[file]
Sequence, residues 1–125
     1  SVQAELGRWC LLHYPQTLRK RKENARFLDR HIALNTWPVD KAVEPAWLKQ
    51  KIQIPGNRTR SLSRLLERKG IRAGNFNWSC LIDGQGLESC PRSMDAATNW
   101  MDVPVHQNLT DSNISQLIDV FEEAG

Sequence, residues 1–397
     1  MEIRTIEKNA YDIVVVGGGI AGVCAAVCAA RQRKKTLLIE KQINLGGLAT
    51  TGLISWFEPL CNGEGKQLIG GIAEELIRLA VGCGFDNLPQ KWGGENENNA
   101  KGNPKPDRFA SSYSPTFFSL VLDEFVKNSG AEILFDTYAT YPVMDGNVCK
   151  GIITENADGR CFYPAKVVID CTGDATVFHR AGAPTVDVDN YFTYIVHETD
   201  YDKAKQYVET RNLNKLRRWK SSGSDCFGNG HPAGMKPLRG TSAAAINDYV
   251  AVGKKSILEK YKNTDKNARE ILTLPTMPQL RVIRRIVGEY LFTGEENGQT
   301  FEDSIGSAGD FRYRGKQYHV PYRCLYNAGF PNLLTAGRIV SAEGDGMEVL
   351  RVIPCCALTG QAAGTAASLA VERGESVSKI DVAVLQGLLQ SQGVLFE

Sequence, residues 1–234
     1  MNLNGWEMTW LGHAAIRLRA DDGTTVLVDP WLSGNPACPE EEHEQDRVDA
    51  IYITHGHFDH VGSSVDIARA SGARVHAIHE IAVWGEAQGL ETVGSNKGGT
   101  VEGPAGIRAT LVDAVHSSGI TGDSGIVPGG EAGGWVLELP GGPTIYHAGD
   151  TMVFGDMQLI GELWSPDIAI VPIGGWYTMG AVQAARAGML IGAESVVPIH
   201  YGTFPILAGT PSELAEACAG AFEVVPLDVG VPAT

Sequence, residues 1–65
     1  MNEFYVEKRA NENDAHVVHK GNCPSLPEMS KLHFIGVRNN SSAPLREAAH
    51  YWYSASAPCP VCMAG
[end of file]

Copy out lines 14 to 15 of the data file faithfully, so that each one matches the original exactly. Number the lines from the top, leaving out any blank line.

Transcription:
Sequence, residues 1–234
     1  MNLNGWEMTW LGHAAIRLRA DDGTTVLVDP WLSGNPACPE EEHEQDRVDA